Yellow fever – Here is Everything You Should Know
Yellow fever is an acute virus disease transmitted by infected mosquitoes. In cities, it is spread primarily by Aedes aegypti, a type of mosquito found throughout the tropics and subtropics. The virus is an RNA virus of the genus Flavivirus. Mosquitoes become infected with the virus when they bite an infected human or monkey. The disease cannot be spread by contact from one person to another.
When the human body and virus contracted, then the yellow fever virus incubates in the body for 3 to 6 days. Symptoms usually present themselves in 2 phases.
Symptoms in the First Phase
- Back pain
- Loss of appetite
- Muscle pain
In most cases, symptoms disappear after 3 to 4 days. After 24 hours a small percentage of patients may enter into a second phase.
In this phase high fever returns and several body systems are affected, usually the liver and the kidneys. In most cases people are likely to develop jaundice that will leads to the yellowing of the skin and eyes, hence the name ‘yellow fever’, dark urine and abdominal pain with vomiting. Bleeding can occur from the mouth, nose, eyes or stomach. Half of the patients who enter the toxic phase die within 7 – 10 days.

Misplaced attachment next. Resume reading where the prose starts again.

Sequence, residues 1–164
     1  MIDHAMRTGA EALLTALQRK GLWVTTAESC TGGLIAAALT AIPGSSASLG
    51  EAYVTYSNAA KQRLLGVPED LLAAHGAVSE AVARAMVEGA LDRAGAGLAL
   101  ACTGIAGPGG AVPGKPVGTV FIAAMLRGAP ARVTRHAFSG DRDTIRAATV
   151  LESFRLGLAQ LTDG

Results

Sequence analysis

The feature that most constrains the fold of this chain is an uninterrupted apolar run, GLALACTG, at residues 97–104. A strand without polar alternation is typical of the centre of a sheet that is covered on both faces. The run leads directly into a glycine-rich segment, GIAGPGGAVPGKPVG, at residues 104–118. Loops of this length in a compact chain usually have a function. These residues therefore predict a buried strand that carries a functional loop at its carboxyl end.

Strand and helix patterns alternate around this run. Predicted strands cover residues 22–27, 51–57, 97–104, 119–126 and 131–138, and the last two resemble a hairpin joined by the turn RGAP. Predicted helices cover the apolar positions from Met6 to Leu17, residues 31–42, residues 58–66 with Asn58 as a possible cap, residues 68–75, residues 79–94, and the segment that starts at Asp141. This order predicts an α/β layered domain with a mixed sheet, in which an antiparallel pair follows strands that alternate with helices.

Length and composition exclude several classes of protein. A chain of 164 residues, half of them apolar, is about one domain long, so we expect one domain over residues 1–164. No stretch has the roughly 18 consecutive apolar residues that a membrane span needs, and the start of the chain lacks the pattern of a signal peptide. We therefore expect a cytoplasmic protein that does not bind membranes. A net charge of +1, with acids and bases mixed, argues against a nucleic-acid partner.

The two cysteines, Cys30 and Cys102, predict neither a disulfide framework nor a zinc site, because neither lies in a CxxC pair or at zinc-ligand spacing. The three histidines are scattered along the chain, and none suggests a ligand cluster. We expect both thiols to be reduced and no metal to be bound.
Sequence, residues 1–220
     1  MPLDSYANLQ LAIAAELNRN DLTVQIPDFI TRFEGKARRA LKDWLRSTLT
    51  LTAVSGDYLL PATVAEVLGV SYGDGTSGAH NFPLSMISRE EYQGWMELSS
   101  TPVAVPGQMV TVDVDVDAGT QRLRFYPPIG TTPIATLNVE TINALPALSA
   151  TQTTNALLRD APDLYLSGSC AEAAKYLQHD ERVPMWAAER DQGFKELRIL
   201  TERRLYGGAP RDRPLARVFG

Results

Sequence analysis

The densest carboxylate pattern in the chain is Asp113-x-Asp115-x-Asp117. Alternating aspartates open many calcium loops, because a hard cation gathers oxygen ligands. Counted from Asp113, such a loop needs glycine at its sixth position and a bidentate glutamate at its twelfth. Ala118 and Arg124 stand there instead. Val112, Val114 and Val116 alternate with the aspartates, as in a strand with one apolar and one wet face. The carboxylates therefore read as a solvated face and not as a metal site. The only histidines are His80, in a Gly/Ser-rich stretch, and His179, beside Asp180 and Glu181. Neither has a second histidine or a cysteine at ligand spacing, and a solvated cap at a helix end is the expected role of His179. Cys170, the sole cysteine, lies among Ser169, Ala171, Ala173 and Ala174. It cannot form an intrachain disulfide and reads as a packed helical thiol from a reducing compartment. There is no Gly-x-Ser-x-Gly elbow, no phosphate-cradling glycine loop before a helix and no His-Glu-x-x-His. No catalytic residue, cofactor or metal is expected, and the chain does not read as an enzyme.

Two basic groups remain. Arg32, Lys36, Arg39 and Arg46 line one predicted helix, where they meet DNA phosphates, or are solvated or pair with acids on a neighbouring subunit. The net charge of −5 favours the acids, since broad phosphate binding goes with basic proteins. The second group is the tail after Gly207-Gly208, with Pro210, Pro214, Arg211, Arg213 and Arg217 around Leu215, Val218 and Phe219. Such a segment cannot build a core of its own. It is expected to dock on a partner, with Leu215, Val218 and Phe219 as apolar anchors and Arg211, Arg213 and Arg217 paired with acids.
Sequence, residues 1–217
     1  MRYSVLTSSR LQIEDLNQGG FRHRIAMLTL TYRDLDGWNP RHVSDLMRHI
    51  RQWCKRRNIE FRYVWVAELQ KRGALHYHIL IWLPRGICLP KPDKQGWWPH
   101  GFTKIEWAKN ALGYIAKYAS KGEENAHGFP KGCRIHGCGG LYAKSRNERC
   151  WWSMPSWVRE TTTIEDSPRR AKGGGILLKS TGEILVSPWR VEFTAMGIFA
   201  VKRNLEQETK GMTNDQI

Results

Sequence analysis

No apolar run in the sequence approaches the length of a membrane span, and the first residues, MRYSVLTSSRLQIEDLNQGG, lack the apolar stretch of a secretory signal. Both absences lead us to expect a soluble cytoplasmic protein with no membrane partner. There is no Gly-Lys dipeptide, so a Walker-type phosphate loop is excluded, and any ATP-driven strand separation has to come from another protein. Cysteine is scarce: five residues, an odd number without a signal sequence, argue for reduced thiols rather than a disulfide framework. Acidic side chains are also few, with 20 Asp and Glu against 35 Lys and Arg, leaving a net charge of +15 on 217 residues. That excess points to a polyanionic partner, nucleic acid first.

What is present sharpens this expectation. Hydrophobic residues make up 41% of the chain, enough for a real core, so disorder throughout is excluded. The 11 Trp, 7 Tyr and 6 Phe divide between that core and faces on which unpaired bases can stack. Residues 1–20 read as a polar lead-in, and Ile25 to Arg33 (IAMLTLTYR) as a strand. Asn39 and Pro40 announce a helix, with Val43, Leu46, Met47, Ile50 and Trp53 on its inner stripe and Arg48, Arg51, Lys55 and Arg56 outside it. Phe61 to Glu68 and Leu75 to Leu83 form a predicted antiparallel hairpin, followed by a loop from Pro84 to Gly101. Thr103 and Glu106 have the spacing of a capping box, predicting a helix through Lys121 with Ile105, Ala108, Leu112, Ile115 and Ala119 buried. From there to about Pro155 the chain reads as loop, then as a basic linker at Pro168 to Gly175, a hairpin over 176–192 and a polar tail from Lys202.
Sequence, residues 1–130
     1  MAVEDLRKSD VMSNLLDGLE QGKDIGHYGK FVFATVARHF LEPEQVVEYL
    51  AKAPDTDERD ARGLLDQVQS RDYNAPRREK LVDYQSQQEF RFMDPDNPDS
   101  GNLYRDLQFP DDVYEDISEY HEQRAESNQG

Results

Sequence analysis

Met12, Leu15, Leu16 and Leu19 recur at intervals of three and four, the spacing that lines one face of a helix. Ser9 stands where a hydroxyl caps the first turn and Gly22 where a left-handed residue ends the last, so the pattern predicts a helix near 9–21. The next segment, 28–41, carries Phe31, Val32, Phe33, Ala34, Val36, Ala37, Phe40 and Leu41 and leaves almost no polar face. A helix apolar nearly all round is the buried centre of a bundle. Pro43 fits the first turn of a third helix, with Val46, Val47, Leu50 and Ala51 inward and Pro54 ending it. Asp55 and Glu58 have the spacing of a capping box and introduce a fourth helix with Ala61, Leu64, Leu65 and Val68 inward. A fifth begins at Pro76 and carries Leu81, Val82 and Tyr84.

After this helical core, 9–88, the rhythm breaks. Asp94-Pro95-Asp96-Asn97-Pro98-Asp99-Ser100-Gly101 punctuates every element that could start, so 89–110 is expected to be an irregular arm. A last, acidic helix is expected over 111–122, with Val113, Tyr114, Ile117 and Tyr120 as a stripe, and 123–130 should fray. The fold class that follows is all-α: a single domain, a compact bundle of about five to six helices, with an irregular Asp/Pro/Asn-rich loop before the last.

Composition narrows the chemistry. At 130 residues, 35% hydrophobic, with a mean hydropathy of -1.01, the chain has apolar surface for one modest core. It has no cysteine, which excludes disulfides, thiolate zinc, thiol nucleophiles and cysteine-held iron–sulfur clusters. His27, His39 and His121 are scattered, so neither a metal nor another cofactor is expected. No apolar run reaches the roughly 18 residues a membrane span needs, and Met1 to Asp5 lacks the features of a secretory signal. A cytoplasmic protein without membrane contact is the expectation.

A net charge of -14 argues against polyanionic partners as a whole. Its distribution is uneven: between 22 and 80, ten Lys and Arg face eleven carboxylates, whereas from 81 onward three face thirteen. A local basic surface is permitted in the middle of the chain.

Diagnosis of the yellow fever virus is difficult especially during the early stage. Blood tests (RT-PCR) can sometimes detect the virus in the early stages of the disease. In later stages of the disease, testing to identify antibodies is needed (ELISA and PRNT).
- Mosquito control
- Epidemic preparedness and response
Currently there is no cure is known for yellow fever but specific care to treat dehydration, liver and kidney failure, and fever improves outcomes. Associated bacterial infections can be treated with antibiotics. Hospitalization is advisable and intensive care may be necessary because of rapid deterioration in some cases.
Yellow fever occurs in 47 endemic countries in Africa in Central and South America. Around 90% of cases reported every year occur in Sub-Saharan Africa. In 2013, yellow fever resulted in about 127,000 severe infections and 45,000 deaths, with nearly 90% of these occurring in African nations. The disease originated in Africa, from where it spread to South America through the slave trade in the 17th century.